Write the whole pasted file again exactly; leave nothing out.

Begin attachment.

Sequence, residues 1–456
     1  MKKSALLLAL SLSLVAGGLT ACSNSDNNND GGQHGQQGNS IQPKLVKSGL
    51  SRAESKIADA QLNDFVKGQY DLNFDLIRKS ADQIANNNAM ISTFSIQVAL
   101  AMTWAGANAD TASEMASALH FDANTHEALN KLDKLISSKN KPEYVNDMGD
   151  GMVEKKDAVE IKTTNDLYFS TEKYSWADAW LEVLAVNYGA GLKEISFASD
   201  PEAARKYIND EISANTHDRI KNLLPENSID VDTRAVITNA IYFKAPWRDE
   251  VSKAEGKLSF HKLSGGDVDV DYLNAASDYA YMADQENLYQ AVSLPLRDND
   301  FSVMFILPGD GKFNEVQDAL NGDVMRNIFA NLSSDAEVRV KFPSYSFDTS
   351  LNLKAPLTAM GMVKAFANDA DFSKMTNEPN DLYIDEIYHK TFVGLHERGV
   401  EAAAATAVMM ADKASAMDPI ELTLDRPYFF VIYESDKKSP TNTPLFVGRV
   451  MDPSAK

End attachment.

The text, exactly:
Sequence, residues 1–456
     1  MKKSALLLAL SLSLVAGGLT ACSNSDNNND GGQHGQQGNS IQPKLVKSGL
    51  SRAESKIADA QLNDFVKGQY DLNFDLIRKS ADQIANNNAM ISTFSIQVAL
   101  AMTWAGANAD TASEMASALH FDANTHEALN KLDKLISSKN KPEYVNDMGD
   151  GMVEKKDAVE IKTTNDLYFS TEKYSWADAW LEVLAVNYGA GLKEISFASD
   201  PEAARKYIND EISANTHDRI KNLLPENSID VDTRAVITNA IYFKAPWRDE
   251  VSKAEGKLSF HKLSGGDVDV DYLNAASDYA YMADQENLYQ AVSLPLRDND
   301  FSVMFILPGD GKFNEVQDAL NGDVMRNIFA NLSSDAEVRV KFPSYSFDTS
   351  LNLKAPLTAM GMVKAFANDA DFSKMTNEPN DLYIDEIYHK TFVGLHERGV
   401  EAAAATAVMM ADKASAMDPI ELTLDRPYFF VIYESDKKSP TNTPLFVGRV
   451  MDPSAK